The announcement that Butler County’s Georgiana Medical Center will close on March 31 of this year has renewed calls for the state to expand Medicaid.
Georgiana Medical Center will become the 13th Alabama hospital to close in eight years, the seventh rural hospital to close. Other rural hospitals that have closed include those in Florala and Elba.
“The rising costs of healthcare coupled with the cuts in reimbursement have made it impractical to maintain financial viability with two hospitals operating in Butler County,” Mike Bruce, CEO of the hospital’s parent company, Ivy Creek, told the Andalusia Star-News. “The partnering of the two organizations is the optimal way to continue to provide overall high-quality healthcare for the residents of Butler County, as well as the surrounding areas.”
Proponents of Medicaid expansion say it would significantly aid rural hospitals in paying their bills.
Rural hospitals across the country, but particularly those in non-expansion states like Alabama, are closing at an alarming rate, largely because an influx of money from more folk covered by Medicaid was intended to offset cuts to Medicare reimbursements built into the Affordable Care Act, President Barack Obama’s 2010 health care law.
With no offset there, hospitals have lost money.
Nearly 90 percent of the remaining rural hospitals in Alabama are bleeding money — operating at a loss and routinely cutting back on staff and services, according to the Alabama Hospital Association.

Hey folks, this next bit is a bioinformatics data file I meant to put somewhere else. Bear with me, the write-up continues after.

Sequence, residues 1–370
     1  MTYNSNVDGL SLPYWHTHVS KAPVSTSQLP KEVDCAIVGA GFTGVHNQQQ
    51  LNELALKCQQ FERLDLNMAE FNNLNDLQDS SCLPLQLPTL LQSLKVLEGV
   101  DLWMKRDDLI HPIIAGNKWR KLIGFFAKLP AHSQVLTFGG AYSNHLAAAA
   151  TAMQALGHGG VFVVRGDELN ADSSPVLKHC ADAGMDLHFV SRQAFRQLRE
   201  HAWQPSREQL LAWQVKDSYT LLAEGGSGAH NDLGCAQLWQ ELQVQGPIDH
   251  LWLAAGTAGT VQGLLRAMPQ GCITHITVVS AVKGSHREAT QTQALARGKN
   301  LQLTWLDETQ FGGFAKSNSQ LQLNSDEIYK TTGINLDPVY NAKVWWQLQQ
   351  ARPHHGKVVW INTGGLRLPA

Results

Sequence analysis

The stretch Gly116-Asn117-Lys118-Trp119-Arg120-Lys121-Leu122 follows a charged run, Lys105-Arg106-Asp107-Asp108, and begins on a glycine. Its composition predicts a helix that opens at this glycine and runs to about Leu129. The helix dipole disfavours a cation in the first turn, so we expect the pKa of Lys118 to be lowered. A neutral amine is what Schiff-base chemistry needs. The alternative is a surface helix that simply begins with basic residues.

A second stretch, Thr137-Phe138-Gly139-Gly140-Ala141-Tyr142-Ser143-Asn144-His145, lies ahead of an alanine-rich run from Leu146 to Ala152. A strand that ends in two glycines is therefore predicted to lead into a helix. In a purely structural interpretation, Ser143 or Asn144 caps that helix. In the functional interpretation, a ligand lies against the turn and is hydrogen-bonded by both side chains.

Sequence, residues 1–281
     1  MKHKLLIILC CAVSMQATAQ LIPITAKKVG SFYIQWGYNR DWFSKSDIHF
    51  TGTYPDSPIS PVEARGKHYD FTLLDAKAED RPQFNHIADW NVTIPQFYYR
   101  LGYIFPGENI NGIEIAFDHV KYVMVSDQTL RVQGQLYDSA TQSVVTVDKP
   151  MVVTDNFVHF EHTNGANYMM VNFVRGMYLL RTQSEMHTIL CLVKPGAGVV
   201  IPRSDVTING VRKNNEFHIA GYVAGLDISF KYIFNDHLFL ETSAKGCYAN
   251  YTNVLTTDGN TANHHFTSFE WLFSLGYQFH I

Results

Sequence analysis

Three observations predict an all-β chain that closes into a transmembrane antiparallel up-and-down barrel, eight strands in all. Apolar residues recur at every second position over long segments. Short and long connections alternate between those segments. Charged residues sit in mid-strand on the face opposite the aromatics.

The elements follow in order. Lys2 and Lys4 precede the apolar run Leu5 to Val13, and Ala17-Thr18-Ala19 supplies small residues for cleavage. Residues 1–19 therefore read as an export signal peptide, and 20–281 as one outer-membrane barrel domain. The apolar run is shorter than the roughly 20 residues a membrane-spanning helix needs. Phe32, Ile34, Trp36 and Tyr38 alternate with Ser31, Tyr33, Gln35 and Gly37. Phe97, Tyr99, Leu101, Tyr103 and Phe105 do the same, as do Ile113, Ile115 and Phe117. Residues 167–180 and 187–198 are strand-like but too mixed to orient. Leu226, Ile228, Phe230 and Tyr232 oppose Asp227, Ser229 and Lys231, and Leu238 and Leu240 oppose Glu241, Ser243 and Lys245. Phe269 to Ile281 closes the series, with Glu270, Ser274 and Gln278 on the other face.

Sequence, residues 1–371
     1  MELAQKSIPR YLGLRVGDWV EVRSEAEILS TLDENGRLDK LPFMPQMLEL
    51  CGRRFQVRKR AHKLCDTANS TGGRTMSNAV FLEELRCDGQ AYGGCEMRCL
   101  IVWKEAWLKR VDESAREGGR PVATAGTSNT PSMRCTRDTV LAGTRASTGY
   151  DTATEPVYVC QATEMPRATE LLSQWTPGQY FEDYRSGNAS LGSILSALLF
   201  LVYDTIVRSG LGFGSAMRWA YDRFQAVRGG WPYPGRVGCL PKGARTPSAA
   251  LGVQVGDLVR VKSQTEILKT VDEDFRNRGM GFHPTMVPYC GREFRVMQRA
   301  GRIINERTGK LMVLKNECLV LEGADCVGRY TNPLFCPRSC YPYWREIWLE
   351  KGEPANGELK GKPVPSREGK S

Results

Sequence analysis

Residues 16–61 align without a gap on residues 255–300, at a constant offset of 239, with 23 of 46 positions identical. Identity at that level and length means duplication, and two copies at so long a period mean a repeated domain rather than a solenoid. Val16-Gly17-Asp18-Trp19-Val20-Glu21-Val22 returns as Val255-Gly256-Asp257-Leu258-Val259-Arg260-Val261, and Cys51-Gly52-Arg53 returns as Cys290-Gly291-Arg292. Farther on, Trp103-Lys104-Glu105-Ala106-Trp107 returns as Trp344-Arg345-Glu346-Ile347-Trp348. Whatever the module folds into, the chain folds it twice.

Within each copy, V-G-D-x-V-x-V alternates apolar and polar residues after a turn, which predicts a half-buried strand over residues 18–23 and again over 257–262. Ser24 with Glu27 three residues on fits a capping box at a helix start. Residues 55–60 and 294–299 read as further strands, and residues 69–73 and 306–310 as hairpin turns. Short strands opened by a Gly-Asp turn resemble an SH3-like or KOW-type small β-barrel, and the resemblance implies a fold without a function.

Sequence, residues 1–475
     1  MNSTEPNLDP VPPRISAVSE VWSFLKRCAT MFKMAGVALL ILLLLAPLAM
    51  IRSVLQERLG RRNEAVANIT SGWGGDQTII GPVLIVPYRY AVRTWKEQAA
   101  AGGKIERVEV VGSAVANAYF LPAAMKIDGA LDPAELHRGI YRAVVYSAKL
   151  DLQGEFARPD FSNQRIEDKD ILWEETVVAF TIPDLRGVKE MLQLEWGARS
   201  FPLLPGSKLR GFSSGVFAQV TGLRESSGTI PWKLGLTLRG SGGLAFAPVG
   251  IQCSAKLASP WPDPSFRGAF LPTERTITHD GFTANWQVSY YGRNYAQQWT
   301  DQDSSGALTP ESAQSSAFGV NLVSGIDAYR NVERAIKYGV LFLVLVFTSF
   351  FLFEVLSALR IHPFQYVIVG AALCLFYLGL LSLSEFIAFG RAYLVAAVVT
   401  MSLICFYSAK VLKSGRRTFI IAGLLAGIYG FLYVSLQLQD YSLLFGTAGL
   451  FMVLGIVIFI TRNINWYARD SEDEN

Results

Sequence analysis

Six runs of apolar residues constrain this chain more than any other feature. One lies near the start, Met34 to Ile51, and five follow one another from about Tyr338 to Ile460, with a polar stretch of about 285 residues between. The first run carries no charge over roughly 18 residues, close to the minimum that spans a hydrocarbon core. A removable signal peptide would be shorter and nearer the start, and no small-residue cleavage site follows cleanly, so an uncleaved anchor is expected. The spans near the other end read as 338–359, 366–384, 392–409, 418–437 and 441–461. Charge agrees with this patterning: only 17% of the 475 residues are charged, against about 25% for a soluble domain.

“Medicaid expansion is the one thing the state can do to prevent more hospital closures, loss of jobs, and cutbacks on services,” Danne Howard, the association’s chief policy officer, told APR in December.
The association plans to launch a renewed effort early this year to bring the discussion of Medicaid expansion back to the forefront ahead of the 2019 legislative session.
Sen. Doug Jones, D-Alabama, echoed those calls.
“For years, our rural hospitals have been warning public officials about the financial cliff they faced in large part as a result of unfair Medicare reimbursement rates and the refusal to expand Medicaid in Alabama,” Jones said.
Beginning in 2014, the federal government would have financed 100 percent of the costs for those made newly eligible for Medicaid until 2016.
After that, the federal match phases down to 90 percent by 2020, where it will stay, meaning for every dollar the state spends on new enrollees, it would get $9 in return from the federal government.
“How many more rural health care providers need to close for meaningful action to be taken?” Jones said. “This should be a wake-up call — actually, another wake-up call. We all have a responsibility to take action — to expand Medicaid, to fight for wage index reform, to find opportunities to lower the cost of health care — and to find common ground to best serve our communities.”
As legislators return to Montgomery in March, they’ll face more uncertainty.
Additional cuts to Disproportionate Share Hospital Payments — a payment mechanism that supports many hospitals with a disproportionate number of low-income, uninsured patients and uncompensated care — could go into effect on Oct. 1, 2019, when the fiscal year 2020 begins.
The bulk of those cuts have been routinely delayed by the Republican-controlled Congress since they were set to take effect in 2014 — mainly because it would negatively hit Republican, non-expansion states.
But with Democrats heading into a majority, it isn’t so certain that those cuts will be delayed again.
Cuts to DSH payments could cost Alabama hospitals between $70 million and $156 million. More than 75 percent of Alabama’s more than 100 hospitals receive DSH payments. Those cuts could severely impact both rural and urban hospitals that care for uninsured, low-income patients. Experts fear those cuts could spur a health care crisis that isn’t just confined to rural hospitals and the areas they serve.